It will identify photosynthetic mutants affected in the linear electron transport chain or in the chlororespiratory pathways, mutants with knockouts in genes essential for the biosynthesis and assembly of the FeFe-hydrogenase (Posewitz et al. 2004), or strains unable to carry out
the necessary selleck inhibitor gene-regulatory reactions. Thus, the putative mutant FK228 supplier strains need to be analyzed by additional screening steps as earlier described. Attenuation of the photosynthesis/respiration (P/R) capacity ratio in green microalgae as a tool for stabilizing H2 evolution and its metabolism A second screening system has been established in order to specifically identify C. reinhardtii mutant strains affected in the ratio of photosynthetic O2 evolution and respiratory O2 consumption (Rühle et al. 2008). Utilization of the cell’s own respiration to consume photosynthetically generated O2 has
proven to be a successful strategy for initializing hydrogenase activity in the algae. The balanced interaction between the two bioenergetic organelles in S-deprived cells is currently the only available platform for the further I-BET151 concentration investigation of H2 metabolism in microalgae (Melis and Happe 2001; Melis 2007), and offers the only approach available for a sustained photobiological hydrogen production. It is therefore desirable to develop transgenic microalgae in which the photosynthesis/respiration (P/R) capacity ratio of cells growing in nutrient-replete medium is genetically defined not to exceed the 1:1 ratio without altering the high-quantum yield of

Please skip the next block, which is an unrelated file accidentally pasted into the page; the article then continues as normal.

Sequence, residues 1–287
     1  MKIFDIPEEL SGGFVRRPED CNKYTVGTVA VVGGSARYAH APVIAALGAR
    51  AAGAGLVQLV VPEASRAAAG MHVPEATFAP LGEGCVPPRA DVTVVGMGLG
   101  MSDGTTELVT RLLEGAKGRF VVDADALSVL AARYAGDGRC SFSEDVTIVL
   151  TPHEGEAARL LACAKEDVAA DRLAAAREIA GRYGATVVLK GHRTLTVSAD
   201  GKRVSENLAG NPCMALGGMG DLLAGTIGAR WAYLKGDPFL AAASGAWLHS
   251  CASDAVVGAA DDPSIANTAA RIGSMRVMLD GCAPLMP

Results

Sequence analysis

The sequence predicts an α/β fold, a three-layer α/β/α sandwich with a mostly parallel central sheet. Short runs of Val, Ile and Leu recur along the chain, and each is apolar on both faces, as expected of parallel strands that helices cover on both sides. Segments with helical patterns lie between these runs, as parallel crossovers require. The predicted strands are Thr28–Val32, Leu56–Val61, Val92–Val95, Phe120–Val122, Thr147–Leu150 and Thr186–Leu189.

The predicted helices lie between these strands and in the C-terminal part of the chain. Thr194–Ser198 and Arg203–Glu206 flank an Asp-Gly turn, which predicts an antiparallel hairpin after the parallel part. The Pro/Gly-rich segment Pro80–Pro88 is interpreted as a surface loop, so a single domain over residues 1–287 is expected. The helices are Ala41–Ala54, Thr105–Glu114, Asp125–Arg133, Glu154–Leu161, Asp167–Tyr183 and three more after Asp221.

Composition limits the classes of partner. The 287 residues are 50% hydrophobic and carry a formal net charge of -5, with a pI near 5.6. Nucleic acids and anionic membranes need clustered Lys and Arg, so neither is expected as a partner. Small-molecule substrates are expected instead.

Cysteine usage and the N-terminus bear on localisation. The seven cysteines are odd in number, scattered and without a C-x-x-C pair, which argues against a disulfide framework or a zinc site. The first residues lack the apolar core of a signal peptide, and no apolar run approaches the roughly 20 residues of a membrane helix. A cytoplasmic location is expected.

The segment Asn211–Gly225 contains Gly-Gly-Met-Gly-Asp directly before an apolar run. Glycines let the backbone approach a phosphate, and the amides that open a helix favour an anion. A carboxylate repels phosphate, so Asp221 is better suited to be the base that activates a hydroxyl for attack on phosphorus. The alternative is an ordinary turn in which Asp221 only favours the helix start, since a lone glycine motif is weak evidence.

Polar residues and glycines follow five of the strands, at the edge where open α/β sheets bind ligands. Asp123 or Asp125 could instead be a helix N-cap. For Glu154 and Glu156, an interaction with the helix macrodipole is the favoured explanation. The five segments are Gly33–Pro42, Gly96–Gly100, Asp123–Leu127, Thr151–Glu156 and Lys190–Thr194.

photosynthesis. C. reinhardtii, and other green microalgae, naturally possess a photosynthesis/respiration (P/R) capacity ratio of about 4:1 (Melis et al. Cediranib (AZD2171) 2000; Zhang et al. 2002). Attenuating the cellular P/R capacity ratio to a value that is equal to or less than unity, without altering the high-quantum yield of photosynthesis, would permit C. reinhardtii to grow photo-heterotrophically in the presence of acetate. In sealed cultures, anaerobiosis would prevail, lifting the O2-dependent suppression of hydrogenase gene expression, which is the first step to permitting a light-dependent H2 evolution. Such constitutive expression of the FeFe-hydrogenase pathway and the resulting photosynthetic H2 metabolism would occur with physiological levels of S, or other nutrients, in the chloroplast. Accordingly, genes that lower the capacity of photosynthesis and/or enhance the capacity of respiration in C. reinhardtii, without altering the high-quantum yield of photosynthesis, are of keen interest in this field. The creation of appropriate C. reinhardtii mutants can be achieved by applying DNA insertional mutagenesis; however, the isolation of strains with the desired phenotype requires development of a specific and stringent high throughput screening protocol. The purpose of reaching photobiological H2 production under normal growth conditions excludes the usage of C.